But Gong Yuzhen, a professor of international affairs at Peking University, said the chances of such a meeting in Brunei are slim due to the "lack of basic trust at the moment".
"However, various bilateral and multilateral talks in the Six-Party Talks' mechanism reflect a will from all sides to move ahead," Gong said. "Pyongyang is also adjusting its policies."
Wang Junsheng, a researcher on East Asian studies with the Chinese Academy of Social Sciences, said the gathering in Brunei is actually a golden opportunity to discuss the DPRK's nuclear program.
South China Sea dispute
Kerry, who also met Japanese Foreign Minister Fumio Kishida and ROK Foreign Minister Yun Byung-se in Brunei, said on Monday that Washington holds national interests in the disputes in the South China Sea.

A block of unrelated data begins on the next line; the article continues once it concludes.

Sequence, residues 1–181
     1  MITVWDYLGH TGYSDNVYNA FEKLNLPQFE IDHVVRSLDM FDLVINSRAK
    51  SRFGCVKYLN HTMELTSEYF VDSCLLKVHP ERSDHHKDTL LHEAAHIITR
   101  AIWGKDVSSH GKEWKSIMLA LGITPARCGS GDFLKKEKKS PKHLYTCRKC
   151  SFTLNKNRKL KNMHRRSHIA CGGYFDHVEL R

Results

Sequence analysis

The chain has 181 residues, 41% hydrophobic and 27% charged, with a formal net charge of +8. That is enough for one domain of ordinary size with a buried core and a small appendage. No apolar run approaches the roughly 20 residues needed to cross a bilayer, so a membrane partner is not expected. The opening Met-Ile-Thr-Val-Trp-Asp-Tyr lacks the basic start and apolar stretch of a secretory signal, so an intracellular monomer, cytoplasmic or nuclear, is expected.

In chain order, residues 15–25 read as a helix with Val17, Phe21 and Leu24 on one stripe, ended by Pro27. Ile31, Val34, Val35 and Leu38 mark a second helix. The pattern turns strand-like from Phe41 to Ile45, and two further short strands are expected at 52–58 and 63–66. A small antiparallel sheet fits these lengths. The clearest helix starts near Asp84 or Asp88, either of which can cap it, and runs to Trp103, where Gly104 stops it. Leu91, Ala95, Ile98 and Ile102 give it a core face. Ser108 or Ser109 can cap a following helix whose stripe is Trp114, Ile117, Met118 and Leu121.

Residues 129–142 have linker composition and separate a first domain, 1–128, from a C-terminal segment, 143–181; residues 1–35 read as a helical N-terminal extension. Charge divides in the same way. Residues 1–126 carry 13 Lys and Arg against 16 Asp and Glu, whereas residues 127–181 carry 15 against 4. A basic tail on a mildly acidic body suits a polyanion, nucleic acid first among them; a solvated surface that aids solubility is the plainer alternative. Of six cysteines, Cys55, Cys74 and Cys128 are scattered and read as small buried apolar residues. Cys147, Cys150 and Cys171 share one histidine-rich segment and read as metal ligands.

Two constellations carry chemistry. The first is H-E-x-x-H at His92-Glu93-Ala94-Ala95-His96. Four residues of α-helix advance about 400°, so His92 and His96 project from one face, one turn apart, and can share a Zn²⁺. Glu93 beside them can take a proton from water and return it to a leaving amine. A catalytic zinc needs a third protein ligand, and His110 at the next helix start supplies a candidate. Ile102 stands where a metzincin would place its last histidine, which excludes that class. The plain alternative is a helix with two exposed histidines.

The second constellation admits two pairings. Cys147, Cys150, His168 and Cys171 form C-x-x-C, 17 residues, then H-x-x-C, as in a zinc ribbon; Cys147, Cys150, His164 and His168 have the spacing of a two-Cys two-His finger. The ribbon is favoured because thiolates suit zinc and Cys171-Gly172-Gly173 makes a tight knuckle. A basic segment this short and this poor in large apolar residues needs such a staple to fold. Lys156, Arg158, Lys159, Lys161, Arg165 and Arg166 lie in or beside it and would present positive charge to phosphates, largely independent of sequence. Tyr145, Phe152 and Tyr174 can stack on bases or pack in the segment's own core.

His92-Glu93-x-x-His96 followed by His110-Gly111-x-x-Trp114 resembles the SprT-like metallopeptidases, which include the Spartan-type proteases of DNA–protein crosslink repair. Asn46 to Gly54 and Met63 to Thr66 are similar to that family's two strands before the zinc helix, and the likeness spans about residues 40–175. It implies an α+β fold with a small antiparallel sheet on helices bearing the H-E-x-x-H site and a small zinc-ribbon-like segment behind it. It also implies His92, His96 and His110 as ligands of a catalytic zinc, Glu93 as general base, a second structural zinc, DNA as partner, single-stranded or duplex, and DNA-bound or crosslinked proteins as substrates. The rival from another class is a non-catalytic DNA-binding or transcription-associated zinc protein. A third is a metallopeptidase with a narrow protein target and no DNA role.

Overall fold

"We have a strong interest in the manner in which the disputes of the South China Sea are addressed, and in the conduct of the parties," Kerry said in opening remarks at the regional security conference.
The remarks came one day after China said it would hold "official consultations" with Southeast Asian nations on a proposed code of conduct governing naval actions in September.
Thailand's foreign minister hailed the move as "very significant".
Peking University's Gong said US involvement in the South China Sea disputes, part of its pivot to the Asia-Pacific, complicates the regional situation.